All in all, I’d give “Eragon” three stars. One for the visual effects, one for the casting and the last because even though the script comes short it’s still an fun movie to watch. I think they could have gone deeper into the story and been truer to the book. Some might think that if it was a longer and more detailed story it would get slow, but I disagree. With the good editing they could have added on at least a half hour which could have told the story more fully and made it a more satisfying experience. I’d probably put the age marker at 14 and up. If you have a 12 or 13 year old person strong in your faith, can discern between fake supernatural power and real supernatural power and are able to handle scary creatures and battles then I think he or she would be fine.
My Ratings: Average / 3
Ian Davidson, age 16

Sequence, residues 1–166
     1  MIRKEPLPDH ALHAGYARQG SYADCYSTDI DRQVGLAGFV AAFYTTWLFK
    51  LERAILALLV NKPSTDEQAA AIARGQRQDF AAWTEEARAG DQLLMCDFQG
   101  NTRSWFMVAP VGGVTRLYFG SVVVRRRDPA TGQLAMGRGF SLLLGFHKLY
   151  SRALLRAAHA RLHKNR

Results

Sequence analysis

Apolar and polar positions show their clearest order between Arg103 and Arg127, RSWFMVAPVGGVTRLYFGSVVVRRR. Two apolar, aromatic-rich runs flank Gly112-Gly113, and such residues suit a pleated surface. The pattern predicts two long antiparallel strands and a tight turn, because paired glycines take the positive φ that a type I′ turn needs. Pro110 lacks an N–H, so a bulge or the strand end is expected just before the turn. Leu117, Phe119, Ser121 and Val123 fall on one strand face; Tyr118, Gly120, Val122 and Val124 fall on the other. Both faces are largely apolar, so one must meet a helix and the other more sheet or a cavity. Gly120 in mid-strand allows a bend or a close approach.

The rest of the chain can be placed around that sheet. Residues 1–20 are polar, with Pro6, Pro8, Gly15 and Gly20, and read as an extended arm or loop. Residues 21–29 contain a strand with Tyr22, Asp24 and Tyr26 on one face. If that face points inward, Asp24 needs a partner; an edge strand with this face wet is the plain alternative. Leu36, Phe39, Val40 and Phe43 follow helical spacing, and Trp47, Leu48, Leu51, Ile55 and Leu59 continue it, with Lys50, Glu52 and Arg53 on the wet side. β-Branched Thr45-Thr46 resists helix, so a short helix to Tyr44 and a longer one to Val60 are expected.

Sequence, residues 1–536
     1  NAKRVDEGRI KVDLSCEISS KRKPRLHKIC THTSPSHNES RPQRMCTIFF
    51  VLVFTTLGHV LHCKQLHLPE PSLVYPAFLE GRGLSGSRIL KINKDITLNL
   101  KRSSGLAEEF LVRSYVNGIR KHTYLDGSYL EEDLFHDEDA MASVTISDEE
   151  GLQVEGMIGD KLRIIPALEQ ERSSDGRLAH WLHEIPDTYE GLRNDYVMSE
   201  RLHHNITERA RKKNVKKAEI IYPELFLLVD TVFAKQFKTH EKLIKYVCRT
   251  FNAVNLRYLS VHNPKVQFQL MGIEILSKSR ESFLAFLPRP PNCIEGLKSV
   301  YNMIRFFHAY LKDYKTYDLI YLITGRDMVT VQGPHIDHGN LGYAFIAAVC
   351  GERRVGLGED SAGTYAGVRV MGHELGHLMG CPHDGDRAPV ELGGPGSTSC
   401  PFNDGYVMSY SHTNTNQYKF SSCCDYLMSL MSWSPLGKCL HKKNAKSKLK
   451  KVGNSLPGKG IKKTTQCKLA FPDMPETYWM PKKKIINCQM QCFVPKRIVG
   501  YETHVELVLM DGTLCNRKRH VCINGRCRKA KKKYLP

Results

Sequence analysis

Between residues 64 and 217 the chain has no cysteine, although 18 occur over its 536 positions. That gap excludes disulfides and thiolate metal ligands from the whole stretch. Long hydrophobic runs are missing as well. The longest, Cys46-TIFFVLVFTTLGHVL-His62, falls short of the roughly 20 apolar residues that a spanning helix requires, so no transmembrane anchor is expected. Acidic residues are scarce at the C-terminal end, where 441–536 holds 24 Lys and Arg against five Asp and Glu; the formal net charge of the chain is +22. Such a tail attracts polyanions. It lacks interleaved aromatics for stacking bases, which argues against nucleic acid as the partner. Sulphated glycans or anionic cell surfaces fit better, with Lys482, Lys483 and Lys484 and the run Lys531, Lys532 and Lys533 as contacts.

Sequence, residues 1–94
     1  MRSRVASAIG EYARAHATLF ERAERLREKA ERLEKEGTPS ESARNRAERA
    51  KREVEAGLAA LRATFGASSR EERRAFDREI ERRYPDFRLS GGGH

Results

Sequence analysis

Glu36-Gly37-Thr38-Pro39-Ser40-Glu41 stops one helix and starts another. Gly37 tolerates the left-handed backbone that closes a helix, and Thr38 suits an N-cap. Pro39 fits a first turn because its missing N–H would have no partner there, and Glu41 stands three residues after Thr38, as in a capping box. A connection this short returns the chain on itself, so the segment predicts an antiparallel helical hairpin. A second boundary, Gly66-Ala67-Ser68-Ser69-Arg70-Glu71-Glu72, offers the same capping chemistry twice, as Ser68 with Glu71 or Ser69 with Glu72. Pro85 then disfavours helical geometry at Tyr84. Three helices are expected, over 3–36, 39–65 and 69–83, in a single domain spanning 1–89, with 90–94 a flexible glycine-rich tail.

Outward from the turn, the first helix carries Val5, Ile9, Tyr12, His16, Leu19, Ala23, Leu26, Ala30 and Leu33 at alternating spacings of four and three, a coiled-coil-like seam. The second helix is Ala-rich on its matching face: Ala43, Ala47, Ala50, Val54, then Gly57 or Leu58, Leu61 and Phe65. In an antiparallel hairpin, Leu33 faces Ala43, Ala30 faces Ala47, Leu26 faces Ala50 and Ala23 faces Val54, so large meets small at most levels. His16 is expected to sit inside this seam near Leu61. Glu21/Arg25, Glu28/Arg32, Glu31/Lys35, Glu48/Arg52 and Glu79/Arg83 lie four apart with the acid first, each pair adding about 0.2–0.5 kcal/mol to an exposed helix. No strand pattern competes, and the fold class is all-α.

Positive—As a person who has read the books (Both of them), I can’t understand why people are complaining about it. I loved it. I was hooked through the whole movie, and the special effects were amazing. And as to why they cut out so many scenes, anyone who has actually read the books would know that they couldn’t possibly fit everything in because the movie would then be 5 hours long. And as much as I love Eragon, even I wouldn’t sit through a 5 hour movie. Despite what other people say, I found the acting was quite good. I especially loved how good they were talking with Saphira (The dragon), considering that she isn’t really there. It’s hard enough acting when you can actually see the person, but interacting with something that’s not there is even more difficult.